unlike most of the people who are voting low on this piece, I have no objection to almost non-interactive gaming as art. The controls you are given over a character serve to form an immediate emotional connection to that character, as with the alien in this piece. However, there is no such impetus for the player to form immediate connections with any of the other characters. Work must be done to assure that, in a case like this, the player has a reason to sacrifice the only character he or she has a tangible bond with for the sake of NPC's. This piece takes a shortcut to this, having the NPC's feed the characters avatar. It is ultimately unsuccessful, and I am left shielding them for no other reason than because I am told to. My eventual death leaves me feeling nothing, because in forcing my avatar to take actions that I have no reason to believe he would, you have severed even the emotional bond which the controls served to create. 1/5.
Not bad, But it's missing something of the original. For instance, in the original, that last ship was faster than fast, no matter what. In this version, as long as it doesn't change direction, t never speeds up.
A true masterpiece of design and implementation. The subtle romantic undertones are laced with irony, and the gameplay highlights this nicely. I suspect I'm not well read enough to catch some of the more obscure literary references, but I appreciate those which I did catch, especially the rather sideways nod to Kafka. It's rare to see so much thought put into a video game these days, let alone a flash game. I predict that RDTSBWTR will be a subject of study for generations to come.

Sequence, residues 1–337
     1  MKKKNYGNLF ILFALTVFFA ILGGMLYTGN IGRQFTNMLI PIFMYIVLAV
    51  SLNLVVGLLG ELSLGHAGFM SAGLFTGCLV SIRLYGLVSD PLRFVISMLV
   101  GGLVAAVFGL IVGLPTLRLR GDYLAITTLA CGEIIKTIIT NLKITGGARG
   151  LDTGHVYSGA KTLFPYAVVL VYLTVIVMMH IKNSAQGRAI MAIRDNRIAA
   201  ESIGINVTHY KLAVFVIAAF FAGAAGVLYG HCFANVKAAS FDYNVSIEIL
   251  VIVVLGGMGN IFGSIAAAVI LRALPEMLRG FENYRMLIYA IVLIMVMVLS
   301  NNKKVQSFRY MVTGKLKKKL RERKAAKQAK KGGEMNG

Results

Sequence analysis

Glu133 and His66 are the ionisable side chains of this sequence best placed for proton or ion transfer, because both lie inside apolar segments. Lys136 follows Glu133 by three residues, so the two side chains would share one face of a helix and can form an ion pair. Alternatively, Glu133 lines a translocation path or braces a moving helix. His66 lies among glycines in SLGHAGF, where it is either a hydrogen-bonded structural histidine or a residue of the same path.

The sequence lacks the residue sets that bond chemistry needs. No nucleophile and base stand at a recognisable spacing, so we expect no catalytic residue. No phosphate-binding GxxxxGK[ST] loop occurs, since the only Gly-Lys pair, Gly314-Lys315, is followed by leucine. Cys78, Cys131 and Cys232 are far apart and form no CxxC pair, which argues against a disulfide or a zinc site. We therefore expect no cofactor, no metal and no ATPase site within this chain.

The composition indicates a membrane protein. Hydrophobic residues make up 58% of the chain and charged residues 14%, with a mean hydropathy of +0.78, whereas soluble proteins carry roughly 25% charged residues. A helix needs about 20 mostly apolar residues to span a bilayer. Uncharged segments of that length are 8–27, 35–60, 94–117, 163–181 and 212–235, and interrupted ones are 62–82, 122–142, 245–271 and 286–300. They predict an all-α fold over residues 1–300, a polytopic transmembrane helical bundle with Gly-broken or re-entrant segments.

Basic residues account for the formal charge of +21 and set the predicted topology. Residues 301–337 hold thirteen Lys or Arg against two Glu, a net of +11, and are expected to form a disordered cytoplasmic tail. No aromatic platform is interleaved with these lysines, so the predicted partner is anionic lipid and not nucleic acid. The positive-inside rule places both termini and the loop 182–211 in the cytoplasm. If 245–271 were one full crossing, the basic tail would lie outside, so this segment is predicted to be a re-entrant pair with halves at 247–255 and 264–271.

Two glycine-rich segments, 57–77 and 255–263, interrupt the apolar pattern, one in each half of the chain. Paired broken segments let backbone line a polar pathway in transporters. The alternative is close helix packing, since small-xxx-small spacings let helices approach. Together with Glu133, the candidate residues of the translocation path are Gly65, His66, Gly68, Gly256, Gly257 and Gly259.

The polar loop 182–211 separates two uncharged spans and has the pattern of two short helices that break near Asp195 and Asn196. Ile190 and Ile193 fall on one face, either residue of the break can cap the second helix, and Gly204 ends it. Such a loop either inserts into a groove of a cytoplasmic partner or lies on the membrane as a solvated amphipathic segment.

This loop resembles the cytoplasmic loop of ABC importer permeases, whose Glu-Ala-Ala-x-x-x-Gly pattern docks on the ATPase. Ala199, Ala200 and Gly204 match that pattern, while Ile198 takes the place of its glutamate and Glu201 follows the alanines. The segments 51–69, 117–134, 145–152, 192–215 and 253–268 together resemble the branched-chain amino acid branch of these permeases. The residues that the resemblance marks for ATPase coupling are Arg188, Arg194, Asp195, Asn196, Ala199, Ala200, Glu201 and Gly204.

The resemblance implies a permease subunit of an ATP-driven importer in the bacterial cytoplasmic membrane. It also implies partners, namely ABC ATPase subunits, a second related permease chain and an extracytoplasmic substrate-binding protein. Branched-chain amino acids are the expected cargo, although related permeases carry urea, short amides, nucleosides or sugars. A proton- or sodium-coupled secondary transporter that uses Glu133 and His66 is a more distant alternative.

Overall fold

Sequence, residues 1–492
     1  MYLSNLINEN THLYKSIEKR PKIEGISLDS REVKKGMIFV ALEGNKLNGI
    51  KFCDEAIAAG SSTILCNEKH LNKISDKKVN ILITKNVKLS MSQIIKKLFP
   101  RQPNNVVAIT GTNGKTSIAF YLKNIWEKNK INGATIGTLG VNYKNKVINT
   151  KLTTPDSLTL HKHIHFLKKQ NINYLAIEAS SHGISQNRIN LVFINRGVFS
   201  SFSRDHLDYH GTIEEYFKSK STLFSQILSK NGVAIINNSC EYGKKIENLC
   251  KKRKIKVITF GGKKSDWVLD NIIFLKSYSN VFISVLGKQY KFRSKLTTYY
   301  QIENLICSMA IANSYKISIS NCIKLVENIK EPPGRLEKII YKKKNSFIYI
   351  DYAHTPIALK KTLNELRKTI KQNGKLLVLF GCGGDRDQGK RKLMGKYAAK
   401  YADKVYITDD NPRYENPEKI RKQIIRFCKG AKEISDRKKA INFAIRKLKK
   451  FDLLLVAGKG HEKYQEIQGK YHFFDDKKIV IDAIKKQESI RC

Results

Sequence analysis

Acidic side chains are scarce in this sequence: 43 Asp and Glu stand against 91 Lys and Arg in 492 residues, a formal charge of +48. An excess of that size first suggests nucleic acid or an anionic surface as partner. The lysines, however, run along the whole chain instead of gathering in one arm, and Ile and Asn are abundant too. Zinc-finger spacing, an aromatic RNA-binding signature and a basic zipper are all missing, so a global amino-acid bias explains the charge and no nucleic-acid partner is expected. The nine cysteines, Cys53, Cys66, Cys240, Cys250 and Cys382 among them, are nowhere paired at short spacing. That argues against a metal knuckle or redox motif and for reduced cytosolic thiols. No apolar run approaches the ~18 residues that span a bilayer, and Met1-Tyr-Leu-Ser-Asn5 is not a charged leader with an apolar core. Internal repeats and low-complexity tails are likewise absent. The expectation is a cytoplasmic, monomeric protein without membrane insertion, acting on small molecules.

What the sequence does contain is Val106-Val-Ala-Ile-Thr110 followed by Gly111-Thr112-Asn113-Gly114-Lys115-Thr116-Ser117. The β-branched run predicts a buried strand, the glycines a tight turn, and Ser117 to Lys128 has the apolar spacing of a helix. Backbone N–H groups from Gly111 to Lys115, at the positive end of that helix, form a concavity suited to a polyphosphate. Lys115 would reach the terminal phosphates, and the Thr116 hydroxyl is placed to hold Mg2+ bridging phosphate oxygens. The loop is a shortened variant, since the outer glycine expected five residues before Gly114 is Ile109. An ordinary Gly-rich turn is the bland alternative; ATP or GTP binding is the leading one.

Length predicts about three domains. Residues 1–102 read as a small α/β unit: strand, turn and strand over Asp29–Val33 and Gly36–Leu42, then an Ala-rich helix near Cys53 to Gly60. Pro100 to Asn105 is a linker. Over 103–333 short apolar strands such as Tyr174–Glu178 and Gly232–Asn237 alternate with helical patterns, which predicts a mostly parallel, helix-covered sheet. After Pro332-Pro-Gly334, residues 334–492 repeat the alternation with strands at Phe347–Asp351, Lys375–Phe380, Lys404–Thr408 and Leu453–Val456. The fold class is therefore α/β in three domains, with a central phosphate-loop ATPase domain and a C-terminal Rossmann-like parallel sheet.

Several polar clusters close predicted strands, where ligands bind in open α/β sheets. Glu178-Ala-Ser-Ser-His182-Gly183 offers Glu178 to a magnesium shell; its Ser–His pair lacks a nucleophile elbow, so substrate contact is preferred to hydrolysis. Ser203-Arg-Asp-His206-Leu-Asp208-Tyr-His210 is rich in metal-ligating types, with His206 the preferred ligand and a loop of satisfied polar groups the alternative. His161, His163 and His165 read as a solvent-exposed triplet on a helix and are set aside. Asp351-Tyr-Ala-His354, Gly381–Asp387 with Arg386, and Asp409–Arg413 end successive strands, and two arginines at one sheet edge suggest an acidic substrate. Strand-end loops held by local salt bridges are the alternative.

The insanely long alarm and "mission" times make this game feel like a preloader. Seriously. it's all "find a place to hide, now go get a sandwich and a cup of coffee. Actually, you know what? you ought to get started on paying your bills, and isn't it time you got a haircut? Yeah, go do that, tehn come back, and the alarm will be over, and the manhole might even have opened. Oh, what's that you say? they haven't found the body yet? well, have you thought about making some fossil fuels?"
Needless to say, I'm not impressed.
This isn't a bad little toy. I'm a little disappointed that I can't choose the gender of my apprentice, and I feel like there needs to be slightly better in-game documentation, but I'm looking forward to getting a bunch of different endings.
At first, I was enchanted by this. But for it to keep being interesting, it needs, well, more. A more featured background, more weapon upgrades, armed clones, even the occasional clone in a funny hat would be good.
While I support the effort, this game needs something. This seems to be an attempt to look into the epic life of a fantasy creature that lives for hundreds of years. Yes, there are many ways for it to play out, but that's where it breaks down. the game is short and clumsy, and needs refinement before I would suggest badges for it. That said, I'd really like to see said refinement, so please, get back to the drawing board!
This strikes me as a pale imitation of Chipwits... Not that I figure you ripped anyone off, I think I'm the only person alive today who remembers Chipwits.
This needs if/then/else statements
Also, the difficulty ramps nicely for a minute, then takes a violent leap at level ten. Having to write down my sequence, then search for repeated phrases for my subroutines was cool and all, but sprung on me all of a sudden. 3/5